List of British Emperors of India
|Portrait||Name||Birth||Death||Emperor from||Emperor until||Relationship with predecessor(s)||Consorts|
|Victoria||24 May 1819||22 January 1901||1 May 1876
|22 January 1901||Given title after dissolution of the East India Company|
|Edward VII||9 November 1841||6 May 1910||22 January 1901||6 May 1910||Son of Victoria||Alexandra of Denmark|
|George V||3 June 1865||20 January 1936||6 May 1910||20 January 1936||Son of Edward VII||Mary of Teck|
|Edward VIII||23 June 1894||28 May 1972||20 January 1936||11 December 1936
|Son of George V|
|George VI||14 December 1895||6 February 1952||11 December 1936||22 June 1948||Elizabeth Bowes-Lyon|
- British rule in India ended on 15 August 1947, but George VI retained the title of King-Emperor until 22 June 1948, and thereafter remained monarch of India until India became a Republic on 26 January 1950. He continued as King of Pakistan until his death.
- The London Gazette: . 22 June 1948. Retrieved 25 August 2014. Royal Proclamation of 22 June 1948, made in accordance with the Indian Independence Act 1947, 10 & 11 GEO. 6. CH. 30.('Section 7: ...(2)The assent of the Parliament of the United Kingdom is hereby given to the omission from the Royal Style and Titles of the words " Indiae Imperator " and the words " Emperor of India " and to the issue by His Majesty for that purpose of His Royal Proclamation under the Great Seal of the Realm.'). According to this Royal Proclamation, the King retained the Style and Titles 'George VI by the Grace of God, of Great Britain, Ireland and the British Dominions beyond the Seas King, Defender of the Faith', and he thus remained King of the various Dominions, including India and Pakistan, though these two (and others) eventually chose to abandon their monarchies and became republics.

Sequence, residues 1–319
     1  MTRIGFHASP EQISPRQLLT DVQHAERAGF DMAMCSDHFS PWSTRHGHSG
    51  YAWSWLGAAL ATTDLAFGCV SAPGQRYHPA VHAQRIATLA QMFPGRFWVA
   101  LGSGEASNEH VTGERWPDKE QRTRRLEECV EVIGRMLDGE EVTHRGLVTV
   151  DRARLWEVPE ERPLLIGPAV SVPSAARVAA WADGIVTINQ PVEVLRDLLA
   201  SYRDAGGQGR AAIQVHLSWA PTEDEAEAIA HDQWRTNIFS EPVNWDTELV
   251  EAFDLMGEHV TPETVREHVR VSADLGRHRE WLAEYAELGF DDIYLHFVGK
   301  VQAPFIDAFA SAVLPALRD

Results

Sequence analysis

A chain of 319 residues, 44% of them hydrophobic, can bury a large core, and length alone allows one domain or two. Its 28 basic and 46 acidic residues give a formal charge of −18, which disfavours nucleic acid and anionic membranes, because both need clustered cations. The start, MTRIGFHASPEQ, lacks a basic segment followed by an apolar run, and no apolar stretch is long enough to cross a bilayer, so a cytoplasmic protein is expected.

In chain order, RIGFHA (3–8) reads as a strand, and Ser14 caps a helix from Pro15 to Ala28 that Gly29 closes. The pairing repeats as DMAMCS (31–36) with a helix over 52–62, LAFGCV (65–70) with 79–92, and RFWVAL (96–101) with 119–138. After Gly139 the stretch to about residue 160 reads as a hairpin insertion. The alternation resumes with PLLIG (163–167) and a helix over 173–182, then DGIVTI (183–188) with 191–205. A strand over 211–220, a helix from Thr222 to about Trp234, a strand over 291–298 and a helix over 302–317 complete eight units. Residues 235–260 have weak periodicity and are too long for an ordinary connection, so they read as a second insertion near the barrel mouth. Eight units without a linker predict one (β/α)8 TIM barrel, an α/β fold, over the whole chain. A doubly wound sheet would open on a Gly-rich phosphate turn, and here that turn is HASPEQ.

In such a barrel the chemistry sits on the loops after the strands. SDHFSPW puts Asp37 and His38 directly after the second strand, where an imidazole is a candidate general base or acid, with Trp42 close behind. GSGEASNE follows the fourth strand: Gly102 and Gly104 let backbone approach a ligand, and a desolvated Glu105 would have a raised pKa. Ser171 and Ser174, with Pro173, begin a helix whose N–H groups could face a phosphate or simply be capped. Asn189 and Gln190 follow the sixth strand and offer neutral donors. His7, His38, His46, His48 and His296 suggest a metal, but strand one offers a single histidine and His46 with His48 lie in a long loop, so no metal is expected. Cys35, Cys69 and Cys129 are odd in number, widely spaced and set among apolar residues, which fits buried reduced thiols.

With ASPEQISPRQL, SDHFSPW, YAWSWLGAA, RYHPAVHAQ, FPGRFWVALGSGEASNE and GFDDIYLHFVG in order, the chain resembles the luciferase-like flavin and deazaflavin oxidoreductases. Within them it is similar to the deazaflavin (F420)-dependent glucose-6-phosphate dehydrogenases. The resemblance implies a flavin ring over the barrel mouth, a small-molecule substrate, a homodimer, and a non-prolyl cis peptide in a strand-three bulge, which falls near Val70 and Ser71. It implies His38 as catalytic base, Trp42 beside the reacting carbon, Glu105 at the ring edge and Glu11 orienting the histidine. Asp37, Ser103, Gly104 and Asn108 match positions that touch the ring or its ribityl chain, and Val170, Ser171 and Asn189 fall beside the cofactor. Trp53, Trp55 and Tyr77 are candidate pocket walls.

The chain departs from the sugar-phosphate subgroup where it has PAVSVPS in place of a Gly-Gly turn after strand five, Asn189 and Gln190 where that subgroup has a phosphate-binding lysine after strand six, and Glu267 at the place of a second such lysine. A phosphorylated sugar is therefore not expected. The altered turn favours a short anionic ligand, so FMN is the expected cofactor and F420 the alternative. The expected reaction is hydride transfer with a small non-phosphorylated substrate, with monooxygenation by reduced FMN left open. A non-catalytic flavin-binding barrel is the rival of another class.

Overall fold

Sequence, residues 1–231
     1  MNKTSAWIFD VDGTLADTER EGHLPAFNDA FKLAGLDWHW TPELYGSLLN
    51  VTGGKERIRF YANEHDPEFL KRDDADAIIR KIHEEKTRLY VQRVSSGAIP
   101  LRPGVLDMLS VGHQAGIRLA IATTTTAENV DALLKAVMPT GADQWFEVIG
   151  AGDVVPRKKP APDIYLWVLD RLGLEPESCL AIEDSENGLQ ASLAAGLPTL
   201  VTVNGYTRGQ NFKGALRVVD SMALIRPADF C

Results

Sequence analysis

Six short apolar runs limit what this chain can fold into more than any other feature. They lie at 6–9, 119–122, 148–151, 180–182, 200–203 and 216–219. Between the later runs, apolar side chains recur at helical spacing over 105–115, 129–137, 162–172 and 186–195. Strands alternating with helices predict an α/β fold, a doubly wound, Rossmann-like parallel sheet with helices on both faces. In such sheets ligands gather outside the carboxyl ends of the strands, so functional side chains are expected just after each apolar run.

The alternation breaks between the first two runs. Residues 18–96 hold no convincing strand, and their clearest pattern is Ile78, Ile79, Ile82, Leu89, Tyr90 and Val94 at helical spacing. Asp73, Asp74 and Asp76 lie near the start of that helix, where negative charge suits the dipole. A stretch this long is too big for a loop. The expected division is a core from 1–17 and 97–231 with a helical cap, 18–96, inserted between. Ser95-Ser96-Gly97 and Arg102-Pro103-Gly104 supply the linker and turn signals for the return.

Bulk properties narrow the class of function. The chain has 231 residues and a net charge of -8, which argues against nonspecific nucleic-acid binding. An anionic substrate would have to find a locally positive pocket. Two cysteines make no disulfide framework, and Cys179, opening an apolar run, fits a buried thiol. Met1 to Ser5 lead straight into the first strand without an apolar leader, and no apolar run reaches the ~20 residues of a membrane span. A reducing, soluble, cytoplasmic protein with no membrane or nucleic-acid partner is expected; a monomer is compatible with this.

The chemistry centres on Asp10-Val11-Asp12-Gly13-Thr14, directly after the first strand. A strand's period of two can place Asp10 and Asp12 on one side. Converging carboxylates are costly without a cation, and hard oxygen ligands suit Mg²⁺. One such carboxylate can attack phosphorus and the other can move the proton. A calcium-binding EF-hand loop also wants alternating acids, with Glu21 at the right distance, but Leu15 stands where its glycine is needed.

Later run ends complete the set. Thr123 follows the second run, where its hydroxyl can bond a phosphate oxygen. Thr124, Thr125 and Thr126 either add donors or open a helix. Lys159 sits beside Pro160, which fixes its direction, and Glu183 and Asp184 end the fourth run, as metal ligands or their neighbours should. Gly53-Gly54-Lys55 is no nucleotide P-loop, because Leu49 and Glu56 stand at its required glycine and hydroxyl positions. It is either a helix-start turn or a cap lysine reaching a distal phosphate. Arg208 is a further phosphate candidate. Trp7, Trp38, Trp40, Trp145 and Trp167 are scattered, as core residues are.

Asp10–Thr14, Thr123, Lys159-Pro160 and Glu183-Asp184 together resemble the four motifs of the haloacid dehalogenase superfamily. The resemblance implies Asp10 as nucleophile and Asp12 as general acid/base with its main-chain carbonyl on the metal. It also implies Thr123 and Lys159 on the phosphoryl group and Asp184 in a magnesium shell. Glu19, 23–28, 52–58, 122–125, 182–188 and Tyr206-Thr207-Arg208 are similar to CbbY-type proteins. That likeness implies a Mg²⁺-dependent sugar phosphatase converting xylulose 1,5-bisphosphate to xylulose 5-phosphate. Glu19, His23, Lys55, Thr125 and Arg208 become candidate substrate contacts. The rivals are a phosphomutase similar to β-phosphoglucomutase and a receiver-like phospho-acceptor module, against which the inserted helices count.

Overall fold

- Indian Independence Act 1947 (10 & 11 Geo. 6. c. 30)
- "Aśoka – Britannica Online Encyclopedia". Online encyclopædia. Encyclopædia Britannica. Retrieved 8 July 2008.<templatestyles src="Module:Citation/CS1/styles.css"></templatestyles>
- Ashoka by R. G. Bandarkar (Asian Educational Service: 2000)
- William Dalrymple, The Last Mughal: The Fall of a Dynasty: Delhi, 1857 (2008) pp 179, 200, 208, 275, 339-40
- Harold E. Raugh (2004). The Victorians at War, 1815-1914: An Encyclopedia of British Military History. ABC-CLIO. p. 122.<templatestyles src="Module:Citation/CS1/styles.css"></templatestyles>
- B.S. Cohn, "Representing Authority in Victorian India", in E. Hobsbawm and T. Ranger (eds.), The Invention of Tradition (1983), 165-209, esp. 201-2.
- L. A. Knight, "The Royal Titles Act and India", The Historical Journal, Cambridge University Press, Vol. 11, No. 3 (1968), pp. 488-489.
- L. A. Knight, p. 489.
- L. K. Knight, p. 489.
- L. A. Knight, p. 488.
- L. A. Knight, pp. 491, 496
- Proclaimed Empress of India on 28 April 1876 in the United Kingdom
- Proclaimed Empress of India on 1 January 1877 in India